Complete fuel inventory records and use logs are needed to compile data required to perform effective reviews and reconciliations. To monitor the reasonableness and propriety of fuel use and disbursements, fuel logs should be maintained and periodically reviewed. Recorded use should be reconciled to fuel purchased and on hand. Failure to account for fuel use could result in theft or misuse going undetected.

The audit also pointed out that mileage logs that include the purpose and destination of each trip and beginning and ending odometer readings are not maintained by the road and bridge department to document the use of county-owned vehicles.

Complete and detailed mileage logs for all county owned vehicles should be maintained, and a review of these records should be periodically performed.

The county commission issued the following response:

We will put a log in every vehicle and piece of machinery to track fuel usage and mileage. We will also reconcile the logs to the fuel purchases made.

A third finding revealed that the County Clerk does not prepare or verify the accuracy of the current or delinquent tax books. The County Collector extends and prints the tax books and tax statements and verifies the accuracy of amounts to be collected. Because the County Collector is responsible for collecting property tax monies, good internal controls require someone independent of that process be responsible for generating and testing the accuracy of the property tax books.

The County Clerk provided the following response to the auditors:

I will start preparing the current and delinquent tax books.

A fourth finding cited the county for inadequate computer systems security. The audit stated password and backup procedures are not adequate in some county offices.

The County Commission provided the following responses:

We will work with the other officials to establish user identifications and passwords and ensure passwords are changed every 30 days.

We will work with the other officials to ensure backup data is tested and periodically taken off-site.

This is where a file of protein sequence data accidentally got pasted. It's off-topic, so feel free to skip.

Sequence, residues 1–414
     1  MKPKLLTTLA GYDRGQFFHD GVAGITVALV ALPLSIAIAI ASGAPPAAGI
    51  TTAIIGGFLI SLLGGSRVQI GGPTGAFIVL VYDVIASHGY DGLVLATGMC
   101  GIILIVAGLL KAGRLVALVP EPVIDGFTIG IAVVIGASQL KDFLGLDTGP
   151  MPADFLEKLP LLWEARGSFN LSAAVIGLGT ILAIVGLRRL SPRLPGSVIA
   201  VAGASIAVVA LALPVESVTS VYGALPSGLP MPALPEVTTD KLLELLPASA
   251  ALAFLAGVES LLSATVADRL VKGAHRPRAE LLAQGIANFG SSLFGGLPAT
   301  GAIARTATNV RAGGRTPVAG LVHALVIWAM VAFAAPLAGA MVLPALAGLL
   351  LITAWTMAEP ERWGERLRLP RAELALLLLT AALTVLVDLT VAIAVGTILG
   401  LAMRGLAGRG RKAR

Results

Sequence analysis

The County Treasurer provided the following response:

Backups are now taken to a bank lockbox weekly.

The final audit finding highlighted the Sheriff’s office procedures related to bank reconciliations, receipts, deposits, inmate costs, contracts, and change funds.

The Sheriff’s office processes monies for conceal and carry permits, civil fees, bonds, trailer inspections, phone commissions, calendar sales, and receipts intended for inmates. Receipts totaled approximately $56,000 and $75,000 for the years ended December 31, 2008 and 2007, respectively.

The audit stated monthly bank reconciliations are not performed.

“Our review of four months of activity in the Sheriff’s bank account and the respective monthly transmittals made to the County Treasurer noted each month had an unidentified balance of approximately $140. Monthly reconciliations would have revealed the unidentified balance and allowed the necessary corrections to be made on a more timely basis,” the audit report stated.

The audit found that deposits are not made timely. During the 2 years ended December 31, 2008,deposits were made one to three times per month and averaged approximately$2,900. To adequately safeguard receipts and reduce the risk of loss or misuse of funds, all receipts should be deposited on a timely basis.

It also recommended that the sheriff’s department periodically review the costs of housing inmates and establish billing rates sufficient to recover costs. In addition, the Sheriff and the County Commission should ensure written contracts are obtained for all services.

The Sheriff provided the following responses:

Bank reconciliations are now performed monthly. The unidentified balance is currently being investigated.

Deposits are now made at least weekly. Cash bonds are deposited the same day they are received.